Termination Of Copyright Transfer Basics
Art Law

Termination Of Copyright Transfer Basics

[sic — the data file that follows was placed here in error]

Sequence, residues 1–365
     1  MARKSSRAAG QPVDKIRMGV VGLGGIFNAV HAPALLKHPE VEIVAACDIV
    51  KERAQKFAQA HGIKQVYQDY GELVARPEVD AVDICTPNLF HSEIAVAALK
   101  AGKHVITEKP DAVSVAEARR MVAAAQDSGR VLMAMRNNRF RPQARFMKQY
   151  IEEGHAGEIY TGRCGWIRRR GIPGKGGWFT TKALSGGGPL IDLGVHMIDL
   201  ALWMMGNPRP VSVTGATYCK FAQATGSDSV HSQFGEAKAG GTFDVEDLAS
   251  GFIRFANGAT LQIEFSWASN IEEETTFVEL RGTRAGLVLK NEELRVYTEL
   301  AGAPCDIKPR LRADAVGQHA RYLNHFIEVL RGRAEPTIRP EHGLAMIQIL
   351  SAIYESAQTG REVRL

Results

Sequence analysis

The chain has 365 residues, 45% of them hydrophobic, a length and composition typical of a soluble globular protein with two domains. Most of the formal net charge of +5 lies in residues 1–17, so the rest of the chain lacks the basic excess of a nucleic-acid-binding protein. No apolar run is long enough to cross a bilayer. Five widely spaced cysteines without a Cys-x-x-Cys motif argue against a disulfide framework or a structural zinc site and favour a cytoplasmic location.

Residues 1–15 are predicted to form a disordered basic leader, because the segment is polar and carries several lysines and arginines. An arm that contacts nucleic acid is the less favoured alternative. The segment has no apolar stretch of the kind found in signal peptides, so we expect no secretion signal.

While it’s commonly known that authors frequently transfer or assign their rights, usually to large corporate rightholders such as publishing houses, recording studios or film studios, the fact that an author can later terminate this transfer is less understood. In fact, I’d been practicing for a couple years before realizing that Section 203 of the Copyright Act provides explicit termination provisions. (Somewhere, my copyright law professor is cringing at my admission.) The agreements that authors sign sometimes on their face suggest that the assignee will own the copyright forever. The duration of the agreement might say that the terms last “for the period of copyright” or something to that effect. And yet, Section 203 effectively overrides this contract provision under certain circumstances. What are the requirements to effect a termination of transfer? First, the provision applies to transfers made on or after January 1, 1978. It applies to authors, their descendants or estate. In order to effectuate a transfer, the author must serve notice of termination on the rightholder. Notices of termination can be served no sooner than 25 years after execution of the grant (or 30 years if the grant covers the right of publication or 25 years […]

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